AACR 2014


The AACR Annual Meeting 2014 took place April 5-9 in San Diego, California.


Resistant leukemias resemble breast cancer

Jen Smith Read Article
Published: 04/23/14

Researcher in the lab
Photo by Bill Branson

One woman’s curiosity and self-described “aggressive” approach to research have led to some unexpected discoveries about acute leukemias. Isabel Cunningham, MD, of Columbia University in New York, New York, has found evidence to suggest that treatment resistance in leukemia patients may sometimes result from an interaction between leukemic cells and the breast. [Read Article]

Team identifies potential treatment for FLT3-ITD AML

Jane Rosen, PhD Read Article
Published: 04/22/14

DNA coiled around histones
Credit: Eric Smith

Researchers have presented evidence to support the use of a BET protein antagonist in FLT3-ITD-mutated acute myeloid leukemia (AML). The group’s experiments showed the antagonist, JQ1, was active against FLT3-ITD-expressing AML cells in vitro and in vivo. The agent also demonstrated synergy with the tyrosine kinase inhibitor (TKI) AC220 and the histone deacetylase (HDAC) inhibitor panobinostat. [Read Article]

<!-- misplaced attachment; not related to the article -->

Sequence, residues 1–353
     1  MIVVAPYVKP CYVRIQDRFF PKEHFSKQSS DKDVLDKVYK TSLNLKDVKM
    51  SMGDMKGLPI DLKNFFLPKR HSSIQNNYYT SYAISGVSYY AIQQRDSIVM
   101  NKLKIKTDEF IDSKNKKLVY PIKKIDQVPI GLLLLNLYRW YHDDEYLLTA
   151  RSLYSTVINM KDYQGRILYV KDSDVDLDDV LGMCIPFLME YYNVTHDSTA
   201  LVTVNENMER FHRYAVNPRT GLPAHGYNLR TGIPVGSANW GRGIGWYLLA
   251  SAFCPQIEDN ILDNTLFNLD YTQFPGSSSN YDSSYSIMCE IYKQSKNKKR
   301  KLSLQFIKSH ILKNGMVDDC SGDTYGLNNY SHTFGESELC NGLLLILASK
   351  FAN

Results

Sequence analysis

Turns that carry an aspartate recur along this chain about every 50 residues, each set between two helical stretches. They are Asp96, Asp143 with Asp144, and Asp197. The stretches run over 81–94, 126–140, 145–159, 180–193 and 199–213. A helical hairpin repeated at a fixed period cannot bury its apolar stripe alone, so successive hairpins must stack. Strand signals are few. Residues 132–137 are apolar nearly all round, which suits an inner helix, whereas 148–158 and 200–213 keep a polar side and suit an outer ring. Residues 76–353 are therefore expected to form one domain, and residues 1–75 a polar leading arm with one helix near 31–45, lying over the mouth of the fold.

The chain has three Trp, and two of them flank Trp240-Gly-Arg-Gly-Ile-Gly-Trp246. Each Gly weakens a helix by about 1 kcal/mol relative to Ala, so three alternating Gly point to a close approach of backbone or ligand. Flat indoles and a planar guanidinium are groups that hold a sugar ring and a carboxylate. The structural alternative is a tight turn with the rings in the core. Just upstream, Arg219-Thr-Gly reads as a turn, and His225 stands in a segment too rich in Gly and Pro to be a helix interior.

Molecule shows preclinical activity in leukemias, lymphomas

HT Staff Read Article
Published: 04/20/14

AML cells in the bone marrow

A small molecule that has previously proven effective against solid tumors exhibits activity against leukemias and lymphomas, preclinical research suggests. The molecule, LOR-253, showed antiproliferative activity in a range of leukemia and lymphoma cell lines, induced apoptosis in acute myeloid leukemia (AML) in vitro, and demonstrated synergy with chemotherapeutic agents. These results were presented at the AACR Annual Meeting 2014. [Read Article]